IGUGU, the international favourite for Saturday’s Gr1 Jebel Hatta over 1800m on turf at Meydan, disappointed her legion of followers again when failing to make the frame behind the winner, Sajjhaa.
Setting aside the fact that Igugu looked well on parade, ran a promising race up to a point and actually improved significantly at the turnaround in weights with Sajjhaa (she was only beaten three lengths), Mike has chosen to put matters in perspective for Igugu’s swell of supporters without going into academic race detail.
Igugu: Don’t discard our proud mare, she’s expected to turn the corner soon. (Andrew Watkins)
He said after the race on Saturday evening: “There have already been a few armchair critics who have written Igugu off, but I want to note that I am not concerned about what we’ve seen from her in her two races here in Dubai. I want to set the troubled minds to rest.
“There are factors which have contributed to Igugu’s below-par runs, they are things we all have to keep firmly in mind. She’s most certainly not a lost case. Far from it!
“To start with, Igugu hasn’t settled down in her new surroundings like most of her stablemates have done and her condition hasn’t been what it should be. She’s a young mare, a filly you like. Any trainer who has worked with fillies will tell you that they are sensitive and temperamental creatures. Even the very good ones like Igugu can literally go off the boil overnight and then take time to recover their composure.
“Igugu’s difficulty to adapt here is evidenced by her most unusual cycles experienced since her arrival last December. I’m referring to her female cycle, her oestrus cycle is the correct veterinary term. She’s been in season literally four times in the last couple of months, something I haven’t seen in my 25 years of training.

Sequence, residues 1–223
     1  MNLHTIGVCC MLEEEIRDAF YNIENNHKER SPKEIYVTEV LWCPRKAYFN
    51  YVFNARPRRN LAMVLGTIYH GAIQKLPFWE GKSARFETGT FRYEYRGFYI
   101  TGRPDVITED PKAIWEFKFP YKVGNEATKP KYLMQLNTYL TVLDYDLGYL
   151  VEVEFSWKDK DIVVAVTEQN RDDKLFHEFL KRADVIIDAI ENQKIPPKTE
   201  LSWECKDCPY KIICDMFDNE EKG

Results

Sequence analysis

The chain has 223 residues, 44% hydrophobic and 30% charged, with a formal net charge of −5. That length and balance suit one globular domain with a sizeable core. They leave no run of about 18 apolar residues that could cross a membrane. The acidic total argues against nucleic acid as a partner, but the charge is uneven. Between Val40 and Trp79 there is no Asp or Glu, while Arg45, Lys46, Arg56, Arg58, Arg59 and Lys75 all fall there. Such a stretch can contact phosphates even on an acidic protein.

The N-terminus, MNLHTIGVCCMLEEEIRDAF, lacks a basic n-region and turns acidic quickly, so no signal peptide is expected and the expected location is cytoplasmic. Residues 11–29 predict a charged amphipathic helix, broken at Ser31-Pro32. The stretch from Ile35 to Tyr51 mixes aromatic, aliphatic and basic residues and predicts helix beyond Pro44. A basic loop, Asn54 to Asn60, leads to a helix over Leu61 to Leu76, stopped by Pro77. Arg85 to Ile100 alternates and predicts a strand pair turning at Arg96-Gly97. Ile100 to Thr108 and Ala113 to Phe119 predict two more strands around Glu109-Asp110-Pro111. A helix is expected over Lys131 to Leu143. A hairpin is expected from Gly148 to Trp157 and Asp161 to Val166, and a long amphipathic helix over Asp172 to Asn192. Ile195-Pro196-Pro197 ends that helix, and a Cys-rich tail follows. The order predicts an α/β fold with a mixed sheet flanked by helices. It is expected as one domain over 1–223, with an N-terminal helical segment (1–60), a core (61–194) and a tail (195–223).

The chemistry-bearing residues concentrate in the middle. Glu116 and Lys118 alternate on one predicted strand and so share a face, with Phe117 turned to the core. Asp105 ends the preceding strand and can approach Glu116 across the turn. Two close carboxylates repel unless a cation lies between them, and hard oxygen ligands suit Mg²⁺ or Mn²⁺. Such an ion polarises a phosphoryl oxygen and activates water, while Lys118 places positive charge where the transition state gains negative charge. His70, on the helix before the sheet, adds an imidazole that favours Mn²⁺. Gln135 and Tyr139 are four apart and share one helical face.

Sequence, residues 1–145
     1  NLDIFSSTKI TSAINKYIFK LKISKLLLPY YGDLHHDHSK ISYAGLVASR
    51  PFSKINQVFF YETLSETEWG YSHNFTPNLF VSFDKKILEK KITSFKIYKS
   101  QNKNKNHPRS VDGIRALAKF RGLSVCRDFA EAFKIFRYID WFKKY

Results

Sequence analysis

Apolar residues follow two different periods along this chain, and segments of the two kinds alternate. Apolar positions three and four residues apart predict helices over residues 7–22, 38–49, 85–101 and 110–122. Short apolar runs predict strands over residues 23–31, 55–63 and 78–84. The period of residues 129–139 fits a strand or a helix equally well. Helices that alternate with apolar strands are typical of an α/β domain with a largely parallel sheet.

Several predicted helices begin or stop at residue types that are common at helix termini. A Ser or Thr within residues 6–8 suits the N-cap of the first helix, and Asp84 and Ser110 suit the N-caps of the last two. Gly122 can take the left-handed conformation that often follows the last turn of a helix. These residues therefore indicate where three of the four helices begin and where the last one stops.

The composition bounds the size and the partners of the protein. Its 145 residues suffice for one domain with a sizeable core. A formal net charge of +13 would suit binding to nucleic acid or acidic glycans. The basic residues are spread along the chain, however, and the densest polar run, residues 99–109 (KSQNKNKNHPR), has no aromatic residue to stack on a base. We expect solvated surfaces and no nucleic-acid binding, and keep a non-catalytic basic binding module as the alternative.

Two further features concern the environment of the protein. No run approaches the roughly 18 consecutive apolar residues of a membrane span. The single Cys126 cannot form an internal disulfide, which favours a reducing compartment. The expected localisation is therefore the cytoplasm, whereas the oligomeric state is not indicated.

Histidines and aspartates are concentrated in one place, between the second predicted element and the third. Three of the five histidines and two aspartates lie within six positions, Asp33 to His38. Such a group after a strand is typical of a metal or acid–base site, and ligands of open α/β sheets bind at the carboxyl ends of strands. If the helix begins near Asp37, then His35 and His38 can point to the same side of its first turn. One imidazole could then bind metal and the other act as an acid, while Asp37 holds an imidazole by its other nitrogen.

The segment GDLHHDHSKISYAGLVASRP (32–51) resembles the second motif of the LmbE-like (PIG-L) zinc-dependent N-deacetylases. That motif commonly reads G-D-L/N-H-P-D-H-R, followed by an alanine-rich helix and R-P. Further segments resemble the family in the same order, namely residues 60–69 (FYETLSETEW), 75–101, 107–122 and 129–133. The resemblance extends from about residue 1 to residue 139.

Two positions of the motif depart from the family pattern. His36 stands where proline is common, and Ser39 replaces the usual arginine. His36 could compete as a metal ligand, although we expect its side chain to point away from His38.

“When fillies go through this cycle they invariably have behavioural problems. They can be nervous or lacklustre in their work and often have an increased interest in the colts and geldings around them which distracts attention and focus.
“Igugu has been through this ordeal a few times now, things haven’t been easy for her . Her world has been turned upside down, she has been subject to massive changes and unfortunately she was affected a whole lot more than we expected her to be. She has suffered.
“Another issue to mention is the training schedules we are subject to here at the Carnival. The annual racing festival stretches over only a few months and on top of our imported runners arriving late due to the export protocols we are forced to condense our work programmes, for example by squeezing a month’s vital track work into the space of two weeks. We’re not able do what we normally do and that has obvious ramifications.
“Igugu simply hasn’t coped with it all so far, but I am totally convinced that in the weeks leading up to Dubai World Cup night she will make drastic improvement. The Jebel Hatta will bring her on a ton and I believe next time you will see a different mare.
“I don’t want people to tell me she’s running below her best or not herself or that she’s been disappointing. I fully well know that. I am with her every day and it is my job to get her right. Don’t discard Igugu, she will turn the corner.
“We are sticking to our plans with Igugu. She will be prepared for the Dubai Duty Free on World Cup night and I’m looking forward to seeing her progress in the next three weeks.”